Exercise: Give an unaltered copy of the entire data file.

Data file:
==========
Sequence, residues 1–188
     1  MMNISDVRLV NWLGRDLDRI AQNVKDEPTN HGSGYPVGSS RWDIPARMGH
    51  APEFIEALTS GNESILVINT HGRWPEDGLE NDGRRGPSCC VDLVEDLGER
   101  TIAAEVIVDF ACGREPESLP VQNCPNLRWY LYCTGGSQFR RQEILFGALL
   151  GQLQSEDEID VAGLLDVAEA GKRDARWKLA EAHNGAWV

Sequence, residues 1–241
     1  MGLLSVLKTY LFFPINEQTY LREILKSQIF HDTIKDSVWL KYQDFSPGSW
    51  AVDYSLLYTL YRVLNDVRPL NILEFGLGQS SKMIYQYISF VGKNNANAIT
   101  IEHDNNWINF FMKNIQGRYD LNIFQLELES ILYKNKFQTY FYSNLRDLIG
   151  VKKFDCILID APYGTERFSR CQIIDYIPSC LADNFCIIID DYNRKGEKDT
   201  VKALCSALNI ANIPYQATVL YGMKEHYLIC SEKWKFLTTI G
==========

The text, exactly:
Sequence, residues 1–188
     1  MMNISDVRLV NWLGRDLDRI AQNVKDEPTN HGSGYPVGSS RWDIPARMGH
    51  APEFIEALTS GNESILVINT HGRWPEDGLE NDGRRGPSCC VDLVEDLGER
   101  TIAAEVIVDF ACGREPESLP VQNCPNLRWY LYCTGGSQFR RQEILFGALL
   151  GQLQSEDEID VAGLLDVAEA GKRDARWKLA EAHNGAWV

Sequence, residues 1–241
     1  MGLLSVLKTY LFFPINEQTY LREILKSQIF HDTIKDSVWL KYQDFSPGSW
    51  AVDYSLLYTL YRVLNDVRPL NILEFGLGQS SKMIYQYISF VGKNNANAIT
   101  IEHDNNWINF FMKNIQGRYD LNIFQLELES ILYKNKFQTY FYSNLRDLIG
   151  VKKFDCILID APYGTERFSR CQIIDYIPSC LADNFCIIID DYNRKGEKDT
   201  VKALCSALNI ANIPYQATVL YGMKEHYLIC SEKWKFLTTI G